On the Tee: Chan Ahn 6-year-old Korean-Cebuano gets a hole-in-one

Tiffany L. Neri
GOLF is the kind of sport where certain results require a certain amount of luck and skill. You have to know how hard you should hit, what club you hit with, how fast you swing and where you aim. No amount

GOLF is the kind of sport where certain results require a certain amount of luck and skill. You have to know how hard you should hit, what club you hit with, how fast you swing and where you aim. No amount of skill and precision can completely control the outcome when conditions such as where your ball lies, how hard and where the wind blows, the texture of the ground, among many others, come into play.

For six-year-old Chan E. Ahn, a half-Cebuano-half-Korean junior golfer, the odds just fell into place when he not only bagged the championship for the boys’ and class A division of the 7th Oakley Golf Cup in Pradera Verde Golf and Country Club in Pampanga but also happened to score a hole-in-one during the tournament last April 29.

“It was a 70-yard shot and I just wanted to hit the ball near to the hole so I could get a birdie but when I was running towards the green I couldn’t find my ball,” shared Chan, whose interest in golf started when he was a two-year-old watching the golf channel and his dad’s weekly game.

“I was shocked and, at the same time, very happy and proud that he was able to do it at the age of six,” said Joseph Ahn, the boy’s father, who stopped playing golf to focus on personally coaching Chan. He shared a story about three-year-old Chan asking him if he could have his own golf set so he could play with his dad when he was older. “It wasn’t until last year—around the last week of April—when I brought him to the driving range. It was just for summer camp and we just wanted him to enjoy his summer vacation. After summer camp, he told us that he wanted to start practicing, so we set his training schedule to two or three times a week. We never imagined his love would continue.”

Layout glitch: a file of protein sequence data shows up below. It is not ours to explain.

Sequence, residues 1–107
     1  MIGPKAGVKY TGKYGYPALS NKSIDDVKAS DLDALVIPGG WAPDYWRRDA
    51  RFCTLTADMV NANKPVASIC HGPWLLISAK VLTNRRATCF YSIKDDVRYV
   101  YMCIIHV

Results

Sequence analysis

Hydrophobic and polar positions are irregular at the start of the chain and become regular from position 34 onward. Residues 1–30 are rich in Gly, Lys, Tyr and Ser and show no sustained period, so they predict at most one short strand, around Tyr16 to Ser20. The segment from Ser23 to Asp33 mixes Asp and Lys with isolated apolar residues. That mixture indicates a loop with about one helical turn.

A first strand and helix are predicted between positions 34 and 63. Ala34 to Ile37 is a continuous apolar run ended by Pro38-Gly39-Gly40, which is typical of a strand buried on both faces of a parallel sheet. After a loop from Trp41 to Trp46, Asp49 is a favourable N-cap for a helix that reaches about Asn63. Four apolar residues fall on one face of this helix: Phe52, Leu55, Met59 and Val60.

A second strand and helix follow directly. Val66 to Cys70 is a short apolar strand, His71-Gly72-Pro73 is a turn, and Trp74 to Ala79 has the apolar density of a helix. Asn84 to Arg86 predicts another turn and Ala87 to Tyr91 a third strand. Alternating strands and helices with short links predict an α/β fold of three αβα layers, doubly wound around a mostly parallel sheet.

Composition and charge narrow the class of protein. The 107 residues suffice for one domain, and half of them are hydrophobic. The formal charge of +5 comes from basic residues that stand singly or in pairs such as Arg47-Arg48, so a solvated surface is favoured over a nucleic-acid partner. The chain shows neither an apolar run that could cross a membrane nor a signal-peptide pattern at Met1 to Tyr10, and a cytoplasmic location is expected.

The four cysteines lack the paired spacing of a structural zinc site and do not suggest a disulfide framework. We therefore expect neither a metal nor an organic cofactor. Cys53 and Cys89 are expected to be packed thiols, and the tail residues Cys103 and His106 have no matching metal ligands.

When he isn’t at the driving range, the young jungolfer has an interest in books, dinosaurs and watching videos about golf. “I started playing golf when I was five years old—last April. I love it! Especially meeting new friends every tournament. I feel happy and more motivated to do well in my tournaments. I never expected to get a hole in one. My only wish that time was to do my best and be a champion because I wanted to give it to my mom as a birthday gift,” he said.

“I can’t and won’t be greedy—to force my son into what I want for his future. Yes, we sometimes daydream that he becomes an international golfer someday, but who are we to choose and decide on what he truly wants?” said Joseph. “His mom and I will always have his back and support him no matter what.”

Chan is a member of the JGFP (Junior Golf Foundation in the Philippines) and TJGL (The Junior Golfers League). It was only this year that he started to join major tournaments. He has been awarded second runner-up at Cebu Country Club’s Southern Junior Open (Boys 12 and Under Division), first runner-up (Boys 6 Under Division) at both the PAL–IMG Academy Junior World Qualifier (where he is qualified to compete internationally) and the 2019 PAL–JGFP Junior Inter-Club Golf Championship at Eagle Ridge Golf and Country Club and champion for the 7TH Oakley Golf Cup that happened in Pampanga last April.